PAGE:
Katie Arrington and Joe Cunningham spent their last full day of campaigning in South Carolina's most-watched congressional race by playing to their bases, with Cunningham sticking around blue Charleston County and Arrington reaching out to conservative Hilton Head Island and Summerville.
While they both tried to convince voters during a joint morning event they were the candidate to work across the aisle, their messages diverged as well.
Cunningham painted a picture of a tight race where voters should support an advocate for the district, regardless of party.
"This political tribalism that's going on in our nation is just ripping us apart at our moral fabric, and we see it every day," he said. "It pits neighbor against neighbor, husband against wife, brothers against sisters — and it's got to be put to an end."
Arrington warned voters that conservative victories under President Donald Trump could be erased if Democrats take control in Washington.
"I appreciate my opponent saying he won't vote for Nancy Pelosi, but the problem is Nancy Pelosi already has the votes, so he's kind of negated himself," Arrington said. "So what he said to you today sounds great in theory but is horrible in execution."
Both Arrington and Cunningham are in a surprisingly fierce fight to represent the Lowcountry in Congress and claim a seat that has been controlled by Republicans since the Reagan era.
The district spans much of the South Carolina coastline from Charleston south, with boundaries wrapping around parts of Charleston, Berkeley, Dorchester, Colleton and Beaufort counties linking a conservative mix of retirees, suburbanites and military veterans.
While there are signs the race is tightening, the 1st District is still the GOP's to lose: departing incumbent GOP U.S. Rep. Mark Sanford won re-election in 2016 by 80,000 votes against weak opposition out of 300,000 cast.
President Donald Trump also bested Democratic presidential candidate Hillary Clinton in the district by 13 points in 2016.
The two congressional candidates' itineraries had them making multiple stops Monday in the hours before the polls open at 7 a.m. Tuesday.
Cunningham would finish the day at a rally at the longshoremen's union hall in Charleston — a traditional Democratic gathering spot — while Arrington was getting help from the White House.
On Hilton Head, Donald Trump Jr. and girlfriend, former Fox News personality Kimberly Guilfoyle, now vice chair of America First Policies, a pro-Trump advocacy group and super PAC, spoke to a crowd of supporters with Arrington on the stage. It was before she was scheduled to return home to Summerville for her final event of the campaign Monday night.
"I know that she will help my father," Trump Jr. said of Arrington, adding that she has the guts to take on political fights in Washington.
Earlier in the day at Arrington's second stop on the trail, she shook hands with breakfast patrons at Page's Okra Grill in Mount Pleasant, posing for photos with the wait staff.
"We just think the world of her," Wild Dunes voter Sheryll Johnson gushed after meeting Arrington. "She listens."
Her husband Darrell Johnson chimed in, calling Arrington an honest person who is good with people.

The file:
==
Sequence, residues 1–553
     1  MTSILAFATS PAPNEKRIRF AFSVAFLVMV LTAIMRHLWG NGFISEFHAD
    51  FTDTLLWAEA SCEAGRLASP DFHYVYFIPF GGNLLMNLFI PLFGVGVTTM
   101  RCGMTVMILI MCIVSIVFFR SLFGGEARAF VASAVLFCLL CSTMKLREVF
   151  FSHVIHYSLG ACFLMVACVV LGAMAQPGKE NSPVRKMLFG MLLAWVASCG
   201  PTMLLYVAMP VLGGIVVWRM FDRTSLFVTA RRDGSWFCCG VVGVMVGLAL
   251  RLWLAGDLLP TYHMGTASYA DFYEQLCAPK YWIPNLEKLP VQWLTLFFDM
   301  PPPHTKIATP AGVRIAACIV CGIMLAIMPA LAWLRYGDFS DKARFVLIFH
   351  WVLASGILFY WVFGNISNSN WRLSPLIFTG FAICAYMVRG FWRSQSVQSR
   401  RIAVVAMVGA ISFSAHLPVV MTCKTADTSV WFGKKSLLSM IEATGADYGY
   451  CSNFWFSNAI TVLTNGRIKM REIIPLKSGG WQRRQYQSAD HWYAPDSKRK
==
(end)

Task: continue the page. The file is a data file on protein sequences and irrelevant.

"And when she gets up there in Washington, I'm going to give her a pump to drain the swamp," he said, prompting laughter from the table.
Arrington traveled Monday in her white 2016 Dodge Challenger that has her name plastered on the sides. Her husband calls it the "swamp buggy."
Another trend surfaced Monday of how high the interest is in this race. The two counties where Arrington and Cunningham spent much of their time campaigning Monday, Charleston and Beaufort, reported the biggest spikes statewide in in-person absentee balloting.
Cunningham, meanwhile, opted for a more low-key approach. The West Ashley construction attorney spent his afternoon talking to voters in two area sandwich shops and at absentee polling locations.
"The more we demonize folks on the other side and the more we hurl names and insults, it doesn't set a great tone for getting things done," Cunningham said. "And we're not going to get anything done if we elect people who are divisive and are going to spew that type of rhetoric."
Charlie Roper, a Cunningham supporter, was excited to see him in person during the afternoon.
"I usually see him in the water," she joked, referring to an a TV spot in which Cunningham is swimming in the ocean.
Meeting people out in public was in part an attempt to play to his strengths. Cunningham admits readily he's not as comfortable speaking to a large room.
"I'm much more engaged in the one-on-one. I think people have picked up on it, too," he said.
Arrington has made her commitment to supporting the president's agenda a key part of her pitch to voters. In campaign ads and one-on-one conversations with voters, she has touted her connections to the Trump administration.
But when Arrington entered the S&S Cafeteria in West Ashley, she faced a question about offshore drilling. It's a topic that Arrington has described as being "manufactured" by Cunningham. It is also one she has struggled to overcome after stating in the primary that she support the Trump administration's decision to lift the ban on offshore drilling in the Atlantic.
"It's a moot point. There's no oil off the coast of South Carolina," Arrington said after stating she was opposed to offshore drilling and seismic testing off South Carolina's coast.
On Tuesday, they will find out whether their efforts were enough to make it to Washington.